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Student Council

I. Evolution a Dichotomy

NO WRITER ATTRIBUTED

Thoughts of Student Council reorganization have been in the minds of Council members since the present constitution was drafted in 1946. This term, a long scheduled constitutional revision takes place as provided for in that charter. As a basis for this revision, a Council group last term prepared reports on the function of the Council in seven different fields, but the author of each report was limited to one narrow sector of Council affairs. Hence the evaluation fails to point out the fundamental split in Council activity, a division which must considered if reorganization is to be successful.

Originally the Council was an investigating and advisory group which tried to represent student opinion and complaints to the University officials. The body was organized in 1908 to remedy certain injustices perpetrated by the Deanery in abolishing all winter sports. Most notable among its original powers was that which allowed it "to confer with any of the governing bodies of the University or any member thereof, upon any subject pertaining to the undergraduate body." This purpose was reaffirmed years later by Dean Hanford when he specified the Council's official power in the form of a "Gentlemen's Agreement" between the Dean of the College and the Council. "No important change in the educational policy. . . of the College will be made without first consulting the Council and seeking its advice," he said. This both gave the Council its only power and determined its function of providing a liaison between the Administration and the students.

But the Council has recently acquired other functions. The pre-war Council undertook the management of student funds. This led students to demand a greater say in Council policies, and, after much agitation, the formerly appointed body was made an elected group in 1946. Once the Council members were elected by popular vote, their ideas of what they should do changed radically. They had to produce immediate evidence of their public interest to satisfy the constituents. This could best be done by a program of student welfare which had immediate effects. The long range function of counseling the Dean, the effects of which were felt only mildly by the students, was hardly the purpose an elected body would set up for itself.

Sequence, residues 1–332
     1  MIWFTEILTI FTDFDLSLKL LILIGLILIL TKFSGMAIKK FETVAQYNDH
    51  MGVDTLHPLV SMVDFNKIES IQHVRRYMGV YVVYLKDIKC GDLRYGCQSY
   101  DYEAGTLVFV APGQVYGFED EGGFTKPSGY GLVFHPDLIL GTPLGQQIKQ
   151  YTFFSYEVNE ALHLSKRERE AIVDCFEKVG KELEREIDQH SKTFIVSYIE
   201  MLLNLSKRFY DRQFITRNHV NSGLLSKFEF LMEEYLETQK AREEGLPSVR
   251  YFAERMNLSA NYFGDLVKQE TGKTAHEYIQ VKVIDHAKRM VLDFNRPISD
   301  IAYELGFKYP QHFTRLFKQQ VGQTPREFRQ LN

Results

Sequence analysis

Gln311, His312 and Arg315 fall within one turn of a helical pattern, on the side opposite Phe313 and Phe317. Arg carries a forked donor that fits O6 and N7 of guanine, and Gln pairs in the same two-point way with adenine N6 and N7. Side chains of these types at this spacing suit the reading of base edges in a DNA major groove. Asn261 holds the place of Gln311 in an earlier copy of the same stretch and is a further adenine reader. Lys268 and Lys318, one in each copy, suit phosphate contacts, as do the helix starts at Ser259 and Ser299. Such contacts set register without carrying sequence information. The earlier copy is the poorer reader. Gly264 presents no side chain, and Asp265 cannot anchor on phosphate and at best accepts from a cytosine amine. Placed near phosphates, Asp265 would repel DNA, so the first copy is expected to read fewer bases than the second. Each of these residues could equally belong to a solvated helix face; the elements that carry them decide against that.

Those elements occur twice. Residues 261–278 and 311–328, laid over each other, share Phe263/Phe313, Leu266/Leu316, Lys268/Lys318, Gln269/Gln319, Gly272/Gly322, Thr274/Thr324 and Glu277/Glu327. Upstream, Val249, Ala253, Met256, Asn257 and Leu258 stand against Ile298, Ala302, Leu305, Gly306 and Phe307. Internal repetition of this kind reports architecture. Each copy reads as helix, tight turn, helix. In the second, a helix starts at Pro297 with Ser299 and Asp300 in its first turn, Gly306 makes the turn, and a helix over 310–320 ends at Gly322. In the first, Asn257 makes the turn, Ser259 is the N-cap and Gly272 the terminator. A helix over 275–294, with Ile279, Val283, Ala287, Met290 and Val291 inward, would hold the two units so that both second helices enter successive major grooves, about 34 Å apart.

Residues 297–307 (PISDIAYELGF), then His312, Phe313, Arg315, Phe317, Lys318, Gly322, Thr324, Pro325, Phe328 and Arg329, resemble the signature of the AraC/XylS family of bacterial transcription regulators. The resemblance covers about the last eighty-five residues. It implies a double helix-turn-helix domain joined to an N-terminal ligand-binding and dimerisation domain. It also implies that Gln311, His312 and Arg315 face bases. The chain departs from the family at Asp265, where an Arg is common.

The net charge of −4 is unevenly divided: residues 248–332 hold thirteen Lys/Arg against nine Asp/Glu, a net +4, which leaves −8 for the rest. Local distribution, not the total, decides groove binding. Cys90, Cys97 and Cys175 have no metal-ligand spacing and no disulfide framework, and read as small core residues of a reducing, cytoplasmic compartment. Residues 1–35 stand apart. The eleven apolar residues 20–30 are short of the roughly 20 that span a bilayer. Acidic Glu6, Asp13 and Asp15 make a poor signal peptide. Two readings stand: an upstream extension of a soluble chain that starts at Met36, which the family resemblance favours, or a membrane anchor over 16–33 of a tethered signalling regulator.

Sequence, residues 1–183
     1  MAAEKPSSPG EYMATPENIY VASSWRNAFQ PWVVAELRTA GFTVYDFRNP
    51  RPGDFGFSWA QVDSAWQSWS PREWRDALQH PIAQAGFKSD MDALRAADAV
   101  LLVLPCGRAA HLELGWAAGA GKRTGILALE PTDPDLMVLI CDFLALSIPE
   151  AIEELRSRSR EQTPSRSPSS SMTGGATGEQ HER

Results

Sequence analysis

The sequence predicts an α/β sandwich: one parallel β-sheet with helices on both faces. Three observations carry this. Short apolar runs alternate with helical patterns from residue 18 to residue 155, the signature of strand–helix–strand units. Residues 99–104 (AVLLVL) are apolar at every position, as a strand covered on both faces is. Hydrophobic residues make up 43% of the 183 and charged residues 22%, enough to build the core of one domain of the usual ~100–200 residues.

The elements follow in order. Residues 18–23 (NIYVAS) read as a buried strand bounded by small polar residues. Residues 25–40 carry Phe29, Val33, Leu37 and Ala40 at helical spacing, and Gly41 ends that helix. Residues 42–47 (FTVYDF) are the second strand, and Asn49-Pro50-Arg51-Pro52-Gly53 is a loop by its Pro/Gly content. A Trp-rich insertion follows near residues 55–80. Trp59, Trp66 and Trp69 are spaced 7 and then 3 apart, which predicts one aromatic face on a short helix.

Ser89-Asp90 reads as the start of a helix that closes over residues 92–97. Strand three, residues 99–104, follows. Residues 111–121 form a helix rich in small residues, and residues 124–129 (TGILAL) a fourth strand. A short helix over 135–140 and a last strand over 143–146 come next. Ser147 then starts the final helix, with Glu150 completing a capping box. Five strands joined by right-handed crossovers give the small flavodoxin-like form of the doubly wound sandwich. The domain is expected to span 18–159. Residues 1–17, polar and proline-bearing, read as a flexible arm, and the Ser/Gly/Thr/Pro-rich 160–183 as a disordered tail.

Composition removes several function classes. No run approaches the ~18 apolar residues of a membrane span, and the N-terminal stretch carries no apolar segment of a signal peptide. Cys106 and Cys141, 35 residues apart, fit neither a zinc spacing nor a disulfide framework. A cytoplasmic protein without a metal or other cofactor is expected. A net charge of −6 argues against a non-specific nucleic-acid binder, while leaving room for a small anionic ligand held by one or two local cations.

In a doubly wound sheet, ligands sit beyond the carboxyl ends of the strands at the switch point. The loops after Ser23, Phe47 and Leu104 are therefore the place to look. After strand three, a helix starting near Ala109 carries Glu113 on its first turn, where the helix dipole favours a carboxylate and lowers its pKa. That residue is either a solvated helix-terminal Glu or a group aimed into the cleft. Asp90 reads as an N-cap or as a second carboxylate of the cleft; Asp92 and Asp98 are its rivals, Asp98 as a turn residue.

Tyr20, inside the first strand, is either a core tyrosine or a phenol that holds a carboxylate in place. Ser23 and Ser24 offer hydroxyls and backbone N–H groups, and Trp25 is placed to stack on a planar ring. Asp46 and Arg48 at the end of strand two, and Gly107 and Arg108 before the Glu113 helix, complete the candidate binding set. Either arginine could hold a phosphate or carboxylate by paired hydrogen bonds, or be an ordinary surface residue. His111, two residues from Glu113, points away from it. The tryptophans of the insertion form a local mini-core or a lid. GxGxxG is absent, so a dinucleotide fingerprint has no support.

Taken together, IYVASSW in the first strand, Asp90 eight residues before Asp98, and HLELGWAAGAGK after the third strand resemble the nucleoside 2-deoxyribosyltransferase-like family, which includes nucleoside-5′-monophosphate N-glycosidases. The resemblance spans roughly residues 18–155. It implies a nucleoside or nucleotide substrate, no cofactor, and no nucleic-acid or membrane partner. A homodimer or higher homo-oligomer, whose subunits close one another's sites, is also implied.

Consequently, the Student Council since 1946 has had a dual function. The "Gentlemen's Agreement" gave it power and incentive to conduct long range, relatively colorless, investigations into matters of University policy toward the students, and the responsibility toward an electing public dictated a more immediately gratifying, publicity gaining program of social service. How this double purpose has affected the present Council's work, what the proper function of the Council is, and how the Council should be organized to fulfill this function will be the subjects of future editorials on this topic.

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